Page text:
The National Institute for Automotive Service Excellence (ASE) says its advanced driver assistance systems (ADAS) Level 4 specialist certification test provides more business opportunities for repair centers through the employment of L4-certified technicians.
ASE said it created the certification test to find technicians who possess knowledge of the skills required to diagnose, service, and calibrate ADAS-equipped late-model sedans, SUVs, and light-duty trucks. The L4 test covers content focused on the diagnosis, service, and calibration of radar, camera, ultrasonic, and other ADAS.
Many of the questions relate to a sample vehicle with ADAS technology used by most OEMs. The vehicle is described in the composite vehicle type 1 reference booklet provided as an electronic pop-up during the test.
Before taking the test, automotive service professionals must have passed either the Automobile Electrical/Electronic Systems (A6) or Collision Mechanical and Electrical Components (B5) test. An L4 study guide is available to help with test preparation.
For more information and to register, visit ASE.com/test-series.
The L4 test has 50 questions and a two-hour time limit. L4 test takers will receive a pass or fail score report at the test center and/or through their myASE account.
While the L4 test can’t be taken virtually, ASE does now offer at-home or in-shop recertification tests, as long as a rigorous sterile environment, the correct software is downloaded, and all distractions are removed. The tests must be registered for and scheduled ahead of time. A proctor watches test-takers via camera to make sure they stay on track and to ensure answers are only coming from the registered user.
All requirements to remote-test are listed in a two-page document provided by ASE prior to testing, as deemed by the test provider, ProMetric via its ProProctor platform.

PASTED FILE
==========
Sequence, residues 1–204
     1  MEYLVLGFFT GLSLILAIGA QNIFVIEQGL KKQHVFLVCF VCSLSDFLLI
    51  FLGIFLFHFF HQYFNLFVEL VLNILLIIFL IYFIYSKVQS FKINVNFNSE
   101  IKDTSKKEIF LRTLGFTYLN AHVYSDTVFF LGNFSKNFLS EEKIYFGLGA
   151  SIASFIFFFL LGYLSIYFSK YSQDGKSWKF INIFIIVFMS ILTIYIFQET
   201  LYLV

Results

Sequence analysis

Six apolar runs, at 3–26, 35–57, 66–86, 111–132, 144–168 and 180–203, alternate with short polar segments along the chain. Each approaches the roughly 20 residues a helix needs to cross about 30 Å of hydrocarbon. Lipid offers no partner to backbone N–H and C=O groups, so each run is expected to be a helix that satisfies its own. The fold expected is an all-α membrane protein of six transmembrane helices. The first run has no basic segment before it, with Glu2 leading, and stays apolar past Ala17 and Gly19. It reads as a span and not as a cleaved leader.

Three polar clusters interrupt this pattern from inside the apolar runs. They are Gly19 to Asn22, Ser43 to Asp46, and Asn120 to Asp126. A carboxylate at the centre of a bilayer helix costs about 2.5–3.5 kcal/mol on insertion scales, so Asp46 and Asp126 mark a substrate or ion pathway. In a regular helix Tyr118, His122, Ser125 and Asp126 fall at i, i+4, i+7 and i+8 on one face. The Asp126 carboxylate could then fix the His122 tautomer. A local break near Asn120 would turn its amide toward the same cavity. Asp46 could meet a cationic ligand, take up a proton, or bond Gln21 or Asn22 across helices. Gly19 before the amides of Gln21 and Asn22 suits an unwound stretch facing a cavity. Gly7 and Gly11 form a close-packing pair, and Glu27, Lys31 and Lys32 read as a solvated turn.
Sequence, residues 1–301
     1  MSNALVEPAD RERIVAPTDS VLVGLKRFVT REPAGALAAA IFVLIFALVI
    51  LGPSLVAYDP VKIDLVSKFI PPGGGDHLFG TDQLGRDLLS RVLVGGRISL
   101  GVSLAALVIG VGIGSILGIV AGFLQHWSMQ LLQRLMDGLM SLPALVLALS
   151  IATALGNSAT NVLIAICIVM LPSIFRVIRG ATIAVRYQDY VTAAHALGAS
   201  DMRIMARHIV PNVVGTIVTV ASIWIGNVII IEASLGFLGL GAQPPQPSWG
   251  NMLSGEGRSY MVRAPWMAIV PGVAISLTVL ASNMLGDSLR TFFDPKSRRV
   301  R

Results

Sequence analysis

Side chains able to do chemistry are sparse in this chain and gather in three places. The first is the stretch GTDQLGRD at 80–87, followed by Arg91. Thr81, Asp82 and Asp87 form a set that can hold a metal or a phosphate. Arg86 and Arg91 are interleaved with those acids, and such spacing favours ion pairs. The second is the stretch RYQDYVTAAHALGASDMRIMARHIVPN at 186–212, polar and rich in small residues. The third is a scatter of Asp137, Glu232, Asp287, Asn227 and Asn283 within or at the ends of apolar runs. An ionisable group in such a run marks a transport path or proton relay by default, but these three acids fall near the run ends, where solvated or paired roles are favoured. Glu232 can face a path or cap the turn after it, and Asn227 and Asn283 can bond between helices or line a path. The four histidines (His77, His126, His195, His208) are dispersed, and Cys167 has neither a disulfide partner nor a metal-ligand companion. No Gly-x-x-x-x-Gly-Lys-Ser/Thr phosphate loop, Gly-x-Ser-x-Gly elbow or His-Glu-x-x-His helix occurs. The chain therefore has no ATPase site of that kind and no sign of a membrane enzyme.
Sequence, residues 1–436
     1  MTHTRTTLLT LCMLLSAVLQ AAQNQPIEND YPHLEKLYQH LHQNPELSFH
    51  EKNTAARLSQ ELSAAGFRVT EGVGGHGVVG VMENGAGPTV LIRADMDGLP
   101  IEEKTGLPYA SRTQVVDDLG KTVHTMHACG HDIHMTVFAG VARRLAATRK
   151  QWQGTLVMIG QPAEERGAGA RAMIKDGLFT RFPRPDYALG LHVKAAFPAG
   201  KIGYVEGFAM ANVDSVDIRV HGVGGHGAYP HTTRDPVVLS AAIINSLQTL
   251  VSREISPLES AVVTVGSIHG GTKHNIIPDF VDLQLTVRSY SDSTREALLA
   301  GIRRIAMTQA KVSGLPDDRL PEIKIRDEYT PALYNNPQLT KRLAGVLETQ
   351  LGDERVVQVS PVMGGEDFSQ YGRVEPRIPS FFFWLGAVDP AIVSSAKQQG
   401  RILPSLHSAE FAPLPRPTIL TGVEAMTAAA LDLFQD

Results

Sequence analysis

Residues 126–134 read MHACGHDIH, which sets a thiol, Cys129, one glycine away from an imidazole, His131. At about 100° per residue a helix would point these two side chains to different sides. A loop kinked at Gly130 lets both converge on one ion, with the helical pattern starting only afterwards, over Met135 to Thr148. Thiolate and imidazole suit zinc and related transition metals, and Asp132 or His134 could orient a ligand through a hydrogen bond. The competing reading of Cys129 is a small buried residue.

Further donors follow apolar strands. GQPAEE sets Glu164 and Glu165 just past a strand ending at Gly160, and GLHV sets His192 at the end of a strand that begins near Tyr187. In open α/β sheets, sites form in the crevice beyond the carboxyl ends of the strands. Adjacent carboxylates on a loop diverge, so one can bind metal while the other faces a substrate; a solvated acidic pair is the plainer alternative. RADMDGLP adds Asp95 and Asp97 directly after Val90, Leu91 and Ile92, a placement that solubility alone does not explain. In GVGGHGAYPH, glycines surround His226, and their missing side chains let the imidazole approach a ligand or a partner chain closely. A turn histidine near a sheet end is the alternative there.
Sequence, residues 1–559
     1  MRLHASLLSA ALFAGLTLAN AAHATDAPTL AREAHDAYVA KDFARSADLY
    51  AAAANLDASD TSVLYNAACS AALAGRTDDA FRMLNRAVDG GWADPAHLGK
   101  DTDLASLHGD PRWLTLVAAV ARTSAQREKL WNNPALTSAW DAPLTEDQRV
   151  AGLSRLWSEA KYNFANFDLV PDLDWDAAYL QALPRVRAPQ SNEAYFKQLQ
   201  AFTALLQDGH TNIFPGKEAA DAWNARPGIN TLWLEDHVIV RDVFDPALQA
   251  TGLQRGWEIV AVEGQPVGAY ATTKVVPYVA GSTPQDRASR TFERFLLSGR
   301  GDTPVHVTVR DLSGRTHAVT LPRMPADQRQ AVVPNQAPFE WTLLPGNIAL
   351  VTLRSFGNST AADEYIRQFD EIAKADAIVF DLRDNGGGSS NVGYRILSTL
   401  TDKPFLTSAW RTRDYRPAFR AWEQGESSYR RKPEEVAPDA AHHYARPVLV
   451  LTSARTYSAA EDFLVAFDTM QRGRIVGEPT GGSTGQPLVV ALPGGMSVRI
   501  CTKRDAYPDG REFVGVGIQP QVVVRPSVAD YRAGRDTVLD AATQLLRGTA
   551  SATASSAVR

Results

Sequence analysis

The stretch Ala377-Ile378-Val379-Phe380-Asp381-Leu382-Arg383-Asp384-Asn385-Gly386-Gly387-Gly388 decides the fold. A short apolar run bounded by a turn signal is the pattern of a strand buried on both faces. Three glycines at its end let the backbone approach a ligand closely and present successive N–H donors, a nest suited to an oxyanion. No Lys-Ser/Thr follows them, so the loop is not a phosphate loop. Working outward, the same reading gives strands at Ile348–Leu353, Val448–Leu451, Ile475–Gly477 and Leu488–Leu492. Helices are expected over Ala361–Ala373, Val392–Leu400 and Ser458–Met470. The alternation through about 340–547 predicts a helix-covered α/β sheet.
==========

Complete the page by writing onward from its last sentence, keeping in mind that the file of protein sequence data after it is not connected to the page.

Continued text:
“Part of what makes a valuable to technicians and to employers is that integrity of the test,” said Trish Serratore, ASE communications senior vice president, said in a recent Remarkable Results Radio podcast. “We want to be sure that you are who you are and that it’s your knowledge and competency that’s being tested. We wanted to make sure that that could also happen in a home environment using your own computer. And the Parametric folks have gone top-of-the-line to do that.”
In addition, ASE recently published Electric Vehicle Technician/Shop Personnel Electrical Safety Standards to provide guidance, document, and establish electrical safety requirements, standards, procedures, and safe work practices relating to the development of an electrically safe working area for service professionals in North America working on or around electrified vehicles (xEVs).
A new testing and certification program for all xEV vehicles is available as well that includes light- and medium-duty, heavy-duty, and hybrid vehicles.
The program provides two options to certify students and service employees based on their involvement with EVs. The certification tests are available at www.ase.com/ev.
“Technicians and service personnel must be properly trained to perform EV service and repairs,” said Tim Zilke, ASE president. “With the increasing popularity of electric vehicles, ASE has taken a proactive approach to support shops as they encounter more hybrid and EV repair opportunities.
“The new ASE EV testing and certification program was developed in conjunction with industry experts to help ensure that service professionals are well prepared to safely and effectively service these technologically advanced vehicles.”
Featured image: Stock photo of a student taking a test on a computer. (Credit: skynesher/iStock)